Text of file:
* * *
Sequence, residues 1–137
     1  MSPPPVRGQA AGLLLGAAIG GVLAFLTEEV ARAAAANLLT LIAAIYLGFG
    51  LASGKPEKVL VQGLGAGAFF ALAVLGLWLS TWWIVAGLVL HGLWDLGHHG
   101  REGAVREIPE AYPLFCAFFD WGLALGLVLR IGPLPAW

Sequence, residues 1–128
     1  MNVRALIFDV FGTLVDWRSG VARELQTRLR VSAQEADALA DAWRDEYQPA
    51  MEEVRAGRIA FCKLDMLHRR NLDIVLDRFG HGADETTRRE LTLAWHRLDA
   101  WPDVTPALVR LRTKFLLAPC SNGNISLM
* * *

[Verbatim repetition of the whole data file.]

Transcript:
Sequence, residues 1–137
     1  MSPPPVRGQA AGLLLGAAIG GVLAFLTEEV ARAAAANLLT LIAAIYLGFG
    51  LASGKPEKVL VQGLGAGAFF ALAVLGLWLS TWWIVAGLVL HGLWDLGHHG
   101  REGAVREIPE AYPLFCAFFD WGLALGLVLR IGPLPAW

Sequence, residues 1–128
     1  MNVRALIFDV FGTLVDWRSG VARELQTRLR VSAQEADALA DAWRDEYQPA
    51  MEEVRAGRIA FCKLDMLHRR NLDIVLDRFG HGADETTRRE LTLAWHRLDA
   101  WPDVTPALVR LRTKFLLAPC SNGNISLM